The sources insist Binion’s claims are exaggerated and that “the gun episode didn’t happen.”
Although Bieber’s difficult relationship with paparazzi is well documented and has deteriorated as his fame quantumed, the insiders say the teen singer is constantly “harassed” and that paparazzi overstep when they aren’t “given the attention they demand.”
So what do we actually have here?
1) Is Binion stacking his suit? If the gun ‘threat’ and “strangling” aspects of his claim are believed, it could swing a judgment his way.
2) Binion claims he is not a paparazzo. But, as yet, there is no other reasonable explanation for why he was outside a recording studio taking multiple pictures of a 19-year-old.
3) By using the term “displayed” to describe his alleged encounter with Hesny’s gun, Binion and his lawyer could be giving themselves a wide enough berth to claim a firearm threat without actual basis.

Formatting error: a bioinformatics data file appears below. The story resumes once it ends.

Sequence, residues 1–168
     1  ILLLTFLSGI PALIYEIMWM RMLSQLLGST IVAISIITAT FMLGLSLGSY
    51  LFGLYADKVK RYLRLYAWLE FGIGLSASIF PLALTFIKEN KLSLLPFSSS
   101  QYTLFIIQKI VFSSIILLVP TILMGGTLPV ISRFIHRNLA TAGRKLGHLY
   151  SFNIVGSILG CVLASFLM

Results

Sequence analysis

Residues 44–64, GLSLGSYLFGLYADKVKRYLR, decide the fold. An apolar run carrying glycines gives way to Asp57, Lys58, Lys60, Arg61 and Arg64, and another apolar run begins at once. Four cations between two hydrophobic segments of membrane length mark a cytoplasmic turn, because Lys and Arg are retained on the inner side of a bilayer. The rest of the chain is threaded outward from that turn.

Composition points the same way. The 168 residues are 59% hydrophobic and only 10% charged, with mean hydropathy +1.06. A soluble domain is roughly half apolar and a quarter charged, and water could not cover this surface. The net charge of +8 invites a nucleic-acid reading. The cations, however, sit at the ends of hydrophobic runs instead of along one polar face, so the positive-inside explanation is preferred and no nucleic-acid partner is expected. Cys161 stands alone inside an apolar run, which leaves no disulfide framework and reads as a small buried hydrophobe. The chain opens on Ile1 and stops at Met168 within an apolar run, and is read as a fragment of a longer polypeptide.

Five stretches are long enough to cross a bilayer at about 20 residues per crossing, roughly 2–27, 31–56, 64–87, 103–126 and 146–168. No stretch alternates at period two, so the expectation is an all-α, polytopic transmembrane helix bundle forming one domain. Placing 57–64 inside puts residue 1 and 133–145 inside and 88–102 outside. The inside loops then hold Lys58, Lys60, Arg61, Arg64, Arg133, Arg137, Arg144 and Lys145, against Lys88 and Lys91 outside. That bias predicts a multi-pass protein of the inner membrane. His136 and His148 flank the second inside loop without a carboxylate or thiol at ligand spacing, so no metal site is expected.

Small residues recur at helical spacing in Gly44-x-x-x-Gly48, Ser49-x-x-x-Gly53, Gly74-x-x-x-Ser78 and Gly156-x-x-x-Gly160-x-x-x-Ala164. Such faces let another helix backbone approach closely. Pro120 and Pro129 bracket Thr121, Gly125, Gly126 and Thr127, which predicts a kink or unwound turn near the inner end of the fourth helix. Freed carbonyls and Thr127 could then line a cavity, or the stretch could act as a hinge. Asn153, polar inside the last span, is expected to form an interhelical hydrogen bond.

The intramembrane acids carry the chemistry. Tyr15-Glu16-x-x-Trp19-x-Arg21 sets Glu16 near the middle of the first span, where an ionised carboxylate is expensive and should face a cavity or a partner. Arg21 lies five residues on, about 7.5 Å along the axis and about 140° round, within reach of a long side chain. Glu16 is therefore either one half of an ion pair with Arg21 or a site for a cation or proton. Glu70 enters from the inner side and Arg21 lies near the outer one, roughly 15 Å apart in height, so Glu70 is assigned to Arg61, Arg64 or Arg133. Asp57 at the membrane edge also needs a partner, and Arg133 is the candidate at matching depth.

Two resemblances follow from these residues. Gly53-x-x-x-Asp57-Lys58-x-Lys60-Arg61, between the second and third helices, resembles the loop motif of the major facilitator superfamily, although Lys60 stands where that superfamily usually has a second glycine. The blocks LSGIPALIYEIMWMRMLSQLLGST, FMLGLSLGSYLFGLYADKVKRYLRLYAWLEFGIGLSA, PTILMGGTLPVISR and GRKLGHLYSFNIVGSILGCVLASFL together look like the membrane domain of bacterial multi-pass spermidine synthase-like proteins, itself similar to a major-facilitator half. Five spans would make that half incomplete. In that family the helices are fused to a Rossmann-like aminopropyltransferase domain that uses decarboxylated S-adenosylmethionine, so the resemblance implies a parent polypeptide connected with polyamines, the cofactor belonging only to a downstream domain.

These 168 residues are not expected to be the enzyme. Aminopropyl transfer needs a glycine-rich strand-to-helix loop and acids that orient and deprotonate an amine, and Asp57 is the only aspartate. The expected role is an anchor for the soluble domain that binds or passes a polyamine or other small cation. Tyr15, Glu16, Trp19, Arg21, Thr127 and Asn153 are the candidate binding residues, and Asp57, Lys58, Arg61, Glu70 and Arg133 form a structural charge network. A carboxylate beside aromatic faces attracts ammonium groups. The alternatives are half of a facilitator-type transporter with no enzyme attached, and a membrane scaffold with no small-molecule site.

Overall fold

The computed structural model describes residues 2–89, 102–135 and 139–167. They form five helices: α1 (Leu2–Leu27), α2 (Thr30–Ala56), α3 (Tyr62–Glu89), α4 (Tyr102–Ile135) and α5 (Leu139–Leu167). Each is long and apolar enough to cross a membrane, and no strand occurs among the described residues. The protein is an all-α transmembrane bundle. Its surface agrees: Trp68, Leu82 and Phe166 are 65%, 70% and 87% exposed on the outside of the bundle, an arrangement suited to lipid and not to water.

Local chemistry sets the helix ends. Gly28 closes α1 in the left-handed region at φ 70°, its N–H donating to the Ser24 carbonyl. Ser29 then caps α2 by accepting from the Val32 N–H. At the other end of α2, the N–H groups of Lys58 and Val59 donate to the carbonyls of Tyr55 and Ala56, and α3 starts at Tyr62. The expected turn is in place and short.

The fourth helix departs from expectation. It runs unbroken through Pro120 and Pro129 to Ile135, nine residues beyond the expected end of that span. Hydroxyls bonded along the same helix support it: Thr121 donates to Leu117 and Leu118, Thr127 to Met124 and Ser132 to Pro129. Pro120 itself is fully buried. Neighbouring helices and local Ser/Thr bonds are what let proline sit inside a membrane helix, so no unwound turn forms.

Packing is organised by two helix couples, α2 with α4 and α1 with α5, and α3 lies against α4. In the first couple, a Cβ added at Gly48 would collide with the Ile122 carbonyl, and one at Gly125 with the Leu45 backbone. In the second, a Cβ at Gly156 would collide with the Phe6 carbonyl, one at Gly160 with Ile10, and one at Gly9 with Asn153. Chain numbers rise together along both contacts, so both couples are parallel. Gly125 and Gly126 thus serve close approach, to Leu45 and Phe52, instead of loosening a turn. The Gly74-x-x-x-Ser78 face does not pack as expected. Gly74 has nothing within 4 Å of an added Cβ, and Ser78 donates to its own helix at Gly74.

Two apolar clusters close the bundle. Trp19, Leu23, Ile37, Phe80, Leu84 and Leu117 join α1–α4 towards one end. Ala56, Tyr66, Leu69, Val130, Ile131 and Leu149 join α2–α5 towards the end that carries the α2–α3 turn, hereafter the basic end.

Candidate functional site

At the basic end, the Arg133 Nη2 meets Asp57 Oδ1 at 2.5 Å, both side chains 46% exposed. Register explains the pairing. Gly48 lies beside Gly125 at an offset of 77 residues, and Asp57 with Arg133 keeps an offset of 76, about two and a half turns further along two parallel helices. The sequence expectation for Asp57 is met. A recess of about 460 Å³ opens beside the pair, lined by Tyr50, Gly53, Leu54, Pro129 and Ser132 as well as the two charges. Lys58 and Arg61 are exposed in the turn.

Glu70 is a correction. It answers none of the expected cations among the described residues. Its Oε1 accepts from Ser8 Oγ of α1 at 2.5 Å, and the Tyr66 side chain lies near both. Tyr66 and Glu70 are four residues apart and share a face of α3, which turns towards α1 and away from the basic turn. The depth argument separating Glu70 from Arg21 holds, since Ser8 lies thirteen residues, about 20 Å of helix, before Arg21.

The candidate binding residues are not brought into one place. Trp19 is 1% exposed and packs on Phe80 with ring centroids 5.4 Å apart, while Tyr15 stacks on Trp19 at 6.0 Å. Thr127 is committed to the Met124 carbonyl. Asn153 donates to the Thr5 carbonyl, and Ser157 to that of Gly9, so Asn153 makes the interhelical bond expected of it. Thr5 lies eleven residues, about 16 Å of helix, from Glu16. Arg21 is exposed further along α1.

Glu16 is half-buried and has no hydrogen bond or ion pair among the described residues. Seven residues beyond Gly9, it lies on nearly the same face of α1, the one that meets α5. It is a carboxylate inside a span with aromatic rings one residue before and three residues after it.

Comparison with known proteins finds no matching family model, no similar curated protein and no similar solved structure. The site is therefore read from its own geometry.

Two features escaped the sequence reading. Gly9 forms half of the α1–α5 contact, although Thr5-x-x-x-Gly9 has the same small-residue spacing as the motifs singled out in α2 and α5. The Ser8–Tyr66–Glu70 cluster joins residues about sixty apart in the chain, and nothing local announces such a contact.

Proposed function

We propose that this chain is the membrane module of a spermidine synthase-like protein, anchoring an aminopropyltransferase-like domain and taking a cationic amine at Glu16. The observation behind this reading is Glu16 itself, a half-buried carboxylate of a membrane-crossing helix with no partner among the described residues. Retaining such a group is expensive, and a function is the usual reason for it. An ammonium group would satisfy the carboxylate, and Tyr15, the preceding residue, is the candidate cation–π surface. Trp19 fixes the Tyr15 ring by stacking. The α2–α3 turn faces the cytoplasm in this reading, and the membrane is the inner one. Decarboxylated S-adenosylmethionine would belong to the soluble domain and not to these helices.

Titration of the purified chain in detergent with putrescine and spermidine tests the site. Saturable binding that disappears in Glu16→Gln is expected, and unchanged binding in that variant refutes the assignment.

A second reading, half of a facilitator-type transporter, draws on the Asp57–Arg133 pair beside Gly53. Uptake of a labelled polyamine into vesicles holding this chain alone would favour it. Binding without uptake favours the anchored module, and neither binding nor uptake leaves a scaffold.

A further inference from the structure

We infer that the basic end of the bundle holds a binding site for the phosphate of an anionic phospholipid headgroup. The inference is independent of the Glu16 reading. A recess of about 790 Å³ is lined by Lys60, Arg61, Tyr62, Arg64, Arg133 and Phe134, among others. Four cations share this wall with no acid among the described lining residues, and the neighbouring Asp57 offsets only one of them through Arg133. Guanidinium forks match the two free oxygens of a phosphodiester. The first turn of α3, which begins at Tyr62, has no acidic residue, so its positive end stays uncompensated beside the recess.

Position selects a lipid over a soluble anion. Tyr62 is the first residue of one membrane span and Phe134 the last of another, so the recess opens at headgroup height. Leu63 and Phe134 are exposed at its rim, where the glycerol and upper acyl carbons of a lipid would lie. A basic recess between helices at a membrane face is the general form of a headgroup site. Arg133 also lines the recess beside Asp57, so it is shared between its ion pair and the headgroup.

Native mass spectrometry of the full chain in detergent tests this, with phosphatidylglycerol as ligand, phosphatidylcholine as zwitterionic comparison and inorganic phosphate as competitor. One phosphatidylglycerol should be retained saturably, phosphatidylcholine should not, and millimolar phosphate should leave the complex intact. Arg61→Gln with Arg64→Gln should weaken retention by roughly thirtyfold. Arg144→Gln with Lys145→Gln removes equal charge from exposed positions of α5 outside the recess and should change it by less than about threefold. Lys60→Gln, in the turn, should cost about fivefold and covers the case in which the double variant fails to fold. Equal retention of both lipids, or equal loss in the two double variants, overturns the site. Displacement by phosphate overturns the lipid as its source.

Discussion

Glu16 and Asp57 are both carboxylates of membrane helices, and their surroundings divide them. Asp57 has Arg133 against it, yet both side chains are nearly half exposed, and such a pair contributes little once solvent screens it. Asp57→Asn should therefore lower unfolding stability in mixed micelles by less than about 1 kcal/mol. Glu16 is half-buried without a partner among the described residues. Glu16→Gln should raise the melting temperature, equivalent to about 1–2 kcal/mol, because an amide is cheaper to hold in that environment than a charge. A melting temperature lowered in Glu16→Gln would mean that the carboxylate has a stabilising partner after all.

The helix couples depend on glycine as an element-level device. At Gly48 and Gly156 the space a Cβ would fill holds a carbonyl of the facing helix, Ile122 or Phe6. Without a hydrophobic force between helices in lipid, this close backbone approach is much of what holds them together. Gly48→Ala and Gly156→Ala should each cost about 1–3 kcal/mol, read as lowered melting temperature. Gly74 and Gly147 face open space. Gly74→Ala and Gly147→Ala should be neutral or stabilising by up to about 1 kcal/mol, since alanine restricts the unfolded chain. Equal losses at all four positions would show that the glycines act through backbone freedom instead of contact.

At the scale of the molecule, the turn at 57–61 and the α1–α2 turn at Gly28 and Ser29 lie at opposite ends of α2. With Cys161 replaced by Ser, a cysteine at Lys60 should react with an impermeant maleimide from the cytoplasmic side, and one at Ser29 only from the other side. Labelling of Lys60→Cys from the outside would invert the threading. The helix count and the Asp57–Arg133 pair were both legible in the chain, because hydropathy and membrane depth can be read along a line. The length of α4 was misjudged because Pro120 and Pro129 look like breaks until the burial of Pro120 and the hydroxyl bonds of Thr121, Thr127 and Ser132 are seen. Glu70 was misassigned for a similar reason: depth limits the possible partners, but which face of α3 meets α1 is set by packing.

4) In TMZ‘saudio of the 911 call Binion made after the alleged attack, he claims he was “strangled” yet his voice sounds clear, strong, and fluid, with only minor ‘breathiness’ audible.
Considering he told the operator the attack had “just” taken place, is it possible a “choke hold” has been exaggerated into “strangling?”
5) It is also odd that he did not mention a gun in the call since it is now part of his suit. Did the gun play less of a role, if any, in the alleged assault, than is now claimed?
Among previous incidents involving Bieber and paparazzi — detailed at length here — it’s worth noting that many of these instances involved provocation.